Hoppo Bumpo (n): A children's game. Played by folding one's arms and hopping on one leg. Aim is to bump opponents, so that they lose their balance. Last person standing wins.

August 09, 2008

Love is blind

Blind hem stitch, that is.

I have finally arrived at the end of the Velvet Butterick 3597. Its been a marathon project (a two hour skirt which has taken a month) and I hope not to mention much about it again! All I have left is the hem, which I am stitching by hand using a blind hem stitch.

If you haven't used this stitch before, its an absolute beauty. A stitch with gratifying, magical properties, much like ladder stitch. I have gently eased back a little of the hem here, loosening the stitching, to show how it looks.

I'm not the world's best hand-stitcher by any means, but this clever stitch hems a garment almost invisibly. Indeed on this velvet skirt, I can confidently say that the hem is completely invisible. The pile of the fabric is quite deep, so you don't see any stitching on the outside. I think this is the only thing that has gone smoothly through this whole project! (You can catch previous disasters here, here and here!).

This is how I have blind hem stitched ...

Usually you turn up the hem and press. In this case, I've overlocked the bottom of the hem and just pinned it without pressing. I am leaving all pressing to a dry cleaner when I finish, due to a previous ironing accident! I have used a single thread (to help ensure the stitching is not seen) and secured it in a seam on the garment. I've then taken the needle, crossed to the inside of the hem allowance and taken a small stitch.

Next I have passed the needle diagonally back towards the garment. I have taken a tiny stitch, picking up just two or three threads.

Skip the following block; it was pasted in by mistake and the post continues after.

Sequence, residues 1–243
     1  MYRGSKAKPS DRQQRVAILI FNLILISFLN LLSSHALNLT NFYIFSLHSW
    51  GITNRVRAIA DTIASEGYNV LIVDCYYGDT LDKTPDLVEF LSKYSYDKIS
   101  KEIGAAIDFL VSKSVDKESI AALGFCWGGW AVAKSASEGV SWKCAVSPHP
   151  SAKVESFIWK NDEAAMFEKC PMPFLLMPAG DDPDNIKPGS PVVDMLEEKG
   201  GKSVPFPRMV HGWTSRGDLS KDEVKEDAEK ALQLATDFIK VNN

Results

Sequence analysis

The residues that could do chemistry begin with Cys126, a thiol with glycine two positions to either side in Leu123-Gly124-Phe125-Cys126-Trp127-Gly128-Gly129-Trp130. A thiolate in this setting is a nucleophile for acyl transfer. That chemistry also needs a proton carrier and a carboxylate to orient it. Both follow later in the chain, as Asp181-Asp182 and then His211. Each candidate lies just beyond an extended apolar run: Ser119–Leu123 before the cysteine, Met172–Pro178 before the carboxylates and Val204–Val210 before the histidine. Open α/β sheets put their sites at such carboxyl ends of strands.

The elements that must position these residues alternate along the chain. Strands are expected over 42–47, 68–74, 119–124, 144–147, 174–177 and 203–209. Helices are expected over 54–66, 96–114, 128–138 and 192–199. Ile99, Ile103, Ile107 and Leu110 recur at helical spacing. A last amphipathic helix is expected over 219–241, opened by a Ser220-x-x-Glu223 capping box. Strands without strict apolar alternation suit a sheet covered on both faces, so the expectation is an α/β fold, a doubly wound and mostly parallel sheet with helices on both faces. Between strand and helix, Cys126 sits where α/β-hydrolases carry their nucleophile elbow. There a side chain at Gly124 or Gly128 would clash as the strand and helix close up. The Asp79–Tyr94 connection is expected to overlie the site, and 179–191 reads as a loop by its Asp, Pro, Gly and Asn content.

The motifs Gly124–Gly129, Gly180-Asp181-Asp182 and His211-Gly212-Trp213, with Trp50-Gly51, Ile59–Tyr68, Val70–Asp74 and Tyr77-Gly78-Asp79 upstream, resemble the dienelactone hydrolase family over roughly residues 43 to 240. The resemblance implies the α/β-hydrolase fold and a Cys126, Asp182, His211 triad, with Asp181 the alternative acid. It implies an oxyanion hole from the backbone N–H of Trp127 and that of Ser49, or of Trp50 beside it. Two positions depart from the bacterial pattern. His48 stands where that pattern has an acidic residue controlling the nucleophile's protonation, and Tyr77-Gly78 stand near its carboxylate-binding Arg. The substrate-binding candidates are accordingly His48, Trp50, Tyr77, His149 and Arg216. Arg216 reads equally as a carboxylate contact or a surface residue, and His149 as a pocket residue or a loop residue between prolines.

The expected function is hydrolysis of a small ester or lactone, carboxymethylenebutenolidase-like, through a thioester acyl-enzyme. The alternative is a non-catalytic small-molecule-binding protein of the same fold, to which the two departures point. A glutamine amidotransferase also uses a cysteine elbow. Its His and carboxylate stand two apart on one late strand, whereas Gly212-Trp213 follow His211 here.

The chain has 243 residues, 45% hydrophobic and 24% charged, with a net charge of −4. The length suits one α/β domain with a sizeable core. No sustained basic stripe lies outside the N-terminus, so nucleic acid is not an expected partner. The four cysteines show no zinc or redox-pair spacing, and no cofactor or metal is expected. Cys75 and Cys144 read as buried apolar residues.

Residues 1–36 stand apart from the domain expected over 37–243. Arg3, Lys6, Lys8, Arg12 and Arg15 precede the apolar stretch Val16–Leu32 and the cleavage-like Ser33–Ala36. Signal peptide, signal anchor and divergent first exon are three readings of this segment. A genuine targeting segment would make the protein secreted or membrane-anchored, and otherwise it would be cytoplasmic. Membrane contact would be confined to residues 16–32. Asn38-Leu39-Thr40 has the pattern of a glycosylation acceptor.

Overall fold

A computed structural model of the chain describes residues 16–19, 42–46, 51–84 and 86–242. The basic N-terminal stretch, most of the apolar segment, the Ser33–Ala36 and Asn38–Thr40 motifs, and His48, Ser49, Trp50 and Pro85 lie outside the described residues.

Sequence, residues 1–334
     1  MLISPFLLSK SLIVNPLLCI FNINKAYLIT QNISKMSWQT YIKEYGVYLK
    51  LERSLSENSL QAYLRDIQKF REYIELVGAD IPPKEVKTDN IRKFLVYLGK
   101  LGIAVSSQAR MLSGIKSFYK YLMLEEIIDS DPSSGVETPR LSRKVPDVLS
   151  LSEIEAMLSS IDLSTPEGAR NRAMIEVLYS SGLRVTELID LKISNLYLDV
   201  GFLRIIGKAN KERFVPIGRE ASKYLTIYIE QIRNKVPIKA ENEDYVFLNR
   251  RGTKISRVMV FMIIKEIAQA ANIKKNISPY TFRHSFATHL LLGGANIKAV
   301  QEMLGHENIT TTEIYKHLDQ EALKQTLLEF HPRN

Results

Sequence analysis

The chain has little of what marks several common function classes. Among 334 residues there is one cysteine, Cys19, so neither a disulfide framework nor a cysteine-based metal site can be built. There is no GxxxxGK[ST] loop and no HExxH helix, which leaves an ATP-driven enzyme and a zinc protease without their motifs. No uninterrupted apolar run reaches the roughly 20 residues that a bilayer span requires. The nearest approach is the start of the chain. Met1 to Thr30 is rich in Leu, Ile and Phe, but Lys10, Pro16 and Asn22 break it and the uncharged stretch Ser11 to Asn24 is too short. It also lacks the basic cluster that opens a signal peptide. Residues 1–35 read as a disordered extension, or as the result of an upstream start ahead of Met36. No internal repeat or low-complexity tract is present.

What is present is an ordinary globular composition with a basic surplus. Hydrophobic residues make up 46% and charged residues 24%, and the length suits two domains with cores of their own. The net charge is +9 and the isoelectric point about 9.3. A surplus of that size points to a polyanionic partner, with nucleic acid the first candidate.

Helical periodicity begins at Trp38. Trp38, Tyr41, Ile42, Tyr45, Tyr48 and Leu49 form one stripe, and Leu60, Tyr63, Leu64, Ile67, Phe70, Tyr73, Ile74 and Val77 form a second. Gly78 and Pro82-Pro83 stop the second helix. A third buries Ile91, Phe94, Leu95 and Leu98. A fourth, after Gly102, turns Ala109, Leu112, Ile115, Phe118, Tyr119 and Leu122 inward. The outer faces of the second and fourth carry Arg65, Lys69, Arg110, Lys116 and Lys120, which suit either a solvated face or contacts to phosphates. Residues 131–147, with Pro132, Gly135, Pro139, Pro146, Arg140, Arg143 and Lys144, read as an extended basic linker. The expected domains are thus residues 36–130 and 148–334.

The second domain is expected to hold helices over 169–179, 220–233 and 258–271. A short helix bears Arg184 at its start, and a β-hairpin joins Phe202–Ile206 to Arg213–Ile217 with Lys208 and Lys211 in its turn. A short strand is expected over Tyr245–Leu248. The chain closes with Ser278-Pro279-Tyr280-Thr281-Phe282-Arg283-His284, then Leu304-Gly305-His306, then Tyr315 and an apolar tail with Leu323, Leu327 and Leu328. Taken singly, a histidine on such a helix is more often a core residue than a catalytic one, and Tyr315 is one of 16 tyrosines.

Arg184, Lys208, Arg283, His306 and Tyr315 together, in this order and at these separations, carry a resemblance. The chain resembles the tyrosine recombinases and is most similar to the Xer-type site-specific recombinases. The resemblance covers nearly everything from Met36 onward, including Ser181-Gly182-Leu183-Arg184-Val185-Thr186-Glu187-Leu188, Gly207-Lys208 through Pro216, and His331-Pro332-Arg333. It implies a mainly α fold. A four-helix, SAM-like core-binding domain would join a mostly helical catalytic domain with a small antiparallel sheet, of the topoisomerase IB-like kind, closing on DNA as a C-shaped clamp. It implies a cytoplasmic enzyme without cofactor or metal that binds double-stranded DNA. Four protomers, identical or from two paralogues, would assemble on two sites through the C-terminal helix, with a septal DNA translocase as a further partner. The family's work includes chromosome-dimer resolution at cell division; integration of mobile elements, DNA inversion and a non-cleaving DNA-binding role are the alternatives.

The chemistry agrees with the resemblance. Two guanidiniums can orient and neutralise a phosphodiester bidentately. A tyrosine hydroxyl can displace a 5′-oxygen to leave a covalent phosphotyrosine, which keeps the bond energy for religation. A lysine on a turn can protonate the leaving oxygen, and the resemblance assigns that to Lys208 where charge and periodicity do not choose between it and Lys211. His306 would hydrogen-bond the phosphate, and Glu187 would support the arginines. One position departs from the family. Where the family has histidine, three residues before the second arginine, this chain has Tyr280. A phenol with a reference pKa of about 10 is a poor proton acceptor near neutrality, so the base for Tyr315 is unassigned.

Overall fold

From there I have continued on - the next stitch in the hem, the following one in the garment and so forth. Zig zag back and forth until you are finished. Most literature about blind hem stitch recommends that you over-stitch in the hem allowance every now and then, to ensure that you don't later lose the whole lot, if one part comes undone.

And at the end of all your work, et voila! A beautiful hem.
Now all I need to do is find a dry cleaner who I trust to press this garment ...


  1. You've finished - Woo Hoo!!! Awesome blind hem stitch.

  2. congratulations on finishing - well done - it looks great! good luck with the drycleaner search.

  3. I am sure its good to finish

  4. Congratulations - there is nothing more satisfying than finishing a tricky project. Well done and what is up next?

  5. WOW - Congratulations! Glad to see that all of your hard work has paid off. Can't wait to see the final photo!!

  6. Hurrah! I saw some velvet featured in the new Laura Ashley range and thought of you and this gem! Can't wait to see the final project!


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